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The Essential Lena Horne

The Essential Lena Horne



Frank Rich in his 1981 review of the one-woman show, Lena Horne: A Lady and Her Music, captured the artist’s appeal in three phrases: “the clipped diction, the naughty grins, the finger-snapping sassiness.” Horne, Rich said, was not presenting herself so much as a survivor – “a favorite device of older stars who come back to Broadway” – but as an artist who, even at sixty-three, was still growing.

The Essential Lena Horne spans thirty years of the artist’s career, from her first recordings in 1941 where her character was already so much in evidence, to the great live recordings of the 1950s and 1960s in New York and Las Vegas that find the singer in full bloom.

The song most identified with Horne is “Stormy Weather,” composed in 1933 by Harold Arlen and Ted Koehler. She recorded it for RCA in 1941, and the song became the title track for the first film in which she had a starring role in 1943. “Stormy Weather” was so deeply associated with Horne that in her 1981 Broadway show, she performed it twice in what Frank Rich called “an honest-to-God coup de théâtre.” The 1957 version recorded at New York’s Webster Hall with Lennie Hayton and His Orchestra is considered by many to be her definitive recording of the song.

Though often identified as an actress, and frequently cited as one of the first black stars to sign a long-term contract with a major Hollywood studio, Lena Horne made just eight films and appeared in only five shows on Broadway. Her skills as a performer – nurtured early on by longtime Duke Ellington collaborator Billy Strayhorn – were honed over the years before her nightclub audiences around the world.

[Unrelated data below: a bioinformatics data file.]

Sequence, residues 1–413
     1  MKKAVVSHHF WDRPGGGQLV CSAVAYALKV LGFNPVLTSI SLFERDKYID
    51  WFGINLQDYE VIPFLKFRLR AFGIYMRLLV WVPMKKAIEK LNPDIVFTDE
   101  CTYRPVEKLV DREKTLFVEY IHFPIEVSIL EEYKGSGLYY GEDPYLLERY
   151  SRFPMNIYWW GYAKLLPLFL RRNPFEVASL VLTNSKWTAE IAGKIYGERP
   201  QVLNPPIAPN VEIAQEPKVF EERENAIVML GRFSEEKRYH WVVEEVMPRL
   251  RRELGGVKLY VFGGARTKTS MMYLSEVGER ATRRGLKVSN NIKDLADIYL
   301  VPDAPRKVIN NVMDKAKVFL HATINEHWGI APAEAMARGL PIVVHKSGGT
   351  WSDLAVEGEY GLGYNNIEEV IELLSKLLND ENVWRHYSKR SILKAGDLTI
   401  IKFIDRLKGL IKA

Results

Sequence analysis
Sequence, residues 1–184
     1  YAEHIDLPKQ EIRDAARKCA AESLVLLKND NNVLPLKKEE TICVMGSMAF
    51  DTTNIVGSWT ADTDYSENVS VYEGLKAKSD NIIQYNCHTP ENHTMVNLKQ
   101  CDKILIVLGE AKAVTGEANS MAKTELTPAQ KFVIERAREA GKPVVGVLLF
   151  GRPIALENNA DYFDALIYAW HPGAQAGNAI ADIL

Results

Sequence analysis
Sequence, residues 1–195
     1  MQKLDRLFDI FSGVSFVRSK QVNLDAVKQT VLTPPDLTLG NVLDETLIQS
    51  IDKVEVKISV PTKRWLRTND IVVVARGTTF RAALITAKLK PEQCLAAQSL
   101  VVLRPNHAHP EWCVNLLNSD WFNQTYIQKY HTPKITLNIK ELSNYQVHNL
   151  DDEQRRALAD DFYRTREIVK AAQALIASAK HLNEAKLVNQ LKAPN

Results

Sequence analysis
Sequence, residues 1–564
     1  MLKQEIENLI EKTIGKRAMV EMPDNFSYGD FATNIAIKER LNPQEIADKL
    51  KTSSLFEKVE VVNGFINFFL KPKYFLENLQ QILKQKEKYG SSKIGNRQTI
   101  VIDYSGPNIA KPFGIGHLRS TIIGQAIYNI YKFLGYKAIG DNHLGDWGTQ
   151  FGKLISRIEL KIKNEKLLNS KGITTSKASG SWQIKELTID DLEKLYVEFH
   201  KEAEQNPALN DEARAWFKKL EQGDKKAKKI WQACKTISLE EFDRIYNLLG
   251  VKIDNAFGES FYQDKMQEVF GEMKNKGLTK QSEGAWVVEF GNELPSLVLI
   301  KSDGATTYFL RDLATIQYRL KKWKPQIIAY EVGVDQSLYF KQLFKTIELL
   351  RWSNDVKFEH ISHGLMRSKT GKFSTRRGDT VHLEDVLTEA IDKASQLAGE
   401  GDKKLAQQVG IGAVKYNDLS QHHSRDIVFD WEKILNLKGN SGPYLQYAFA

Two such performances are featured extensively in this collection: Horne’s February 1957 appearance at the Waldorf Astoria in New York with Nat Brandwynne’s Orchestra, and a 1960 Las Vegas performance with Anthony Morelli and His Sands Hotel Orchestra. The medleys of tunes by Cole Porter, Jule Styne, and Duke Ellington highlight the multiple facets of Horne’s delivery.

Lena Horne’s sole appearance in a Broadway musical came in 1957, when she starred in Jamaica by Harold Arlen and E.Y. “Yip” Harburg. Writing in the New York Times, critic Brooks Atkinson made special note of Horne’s four songs in the show. “[These] are songs that know they have been sung by the time Miss Horne gets through with them.”

When she turned eighty, Lena Horne nicely summed up the complexities of her life and career: “My identity is clear to me now. I am a black woman. I’m free. I no longer have to be a ‘credit.’ I don’t have to be a symbol to anybody; I don’t have to be a first to anybody. I don’t have to be an imitation of a white woman that Hollywood sort of hoped I’d become. I’m me, and I’m like nobody else.” Lena Horne’s career, her life, was simply to be Lena Horne.

– Jackson Braider, 2010


Lena Horne, vocals

Lou Bring (Disc 1, Tracks 1, 4, 7), Marty Gold (Disc 2, Tracks 5, 8), Lennie Hayton (Disc 1, Tracks 15, 18–20; Disc 2, Tracks 2, 14, 19), Horace Henderson (Disc 1, Tracks 3, 6), Michel Legrand (Disc 2, Track 18), Marty Paich (Disc 1, Track 17; Disc 2, Tracks 12, 15), conductors

Charlie Barnet & His Orchestra (Disc 1, Track 2)
Nat Brandwynne’s Orchestra (Disc 1, Tracks 19, 20)
Lennie Hayton and His Orchestra (Disc 1, Tracks 8, 10–14, 16; Disc 2, Tracks 1, 7, 11)
Neil Hefti, His Orchestra and Chorus (Disc 2, Tracks 6, 13)
Phil Moore Four (Disc 1, Track 5)
Anthony Morelli and His Sands Hotel Orchestra (Disc 2, Tracks 9, 16)

Billy Strayhorn, piano (Disc 1, Track 9)
George Duvivier, bass (Disc 1, Track 9)
Jimmy Crawford, drums (Disc 1, Track 9)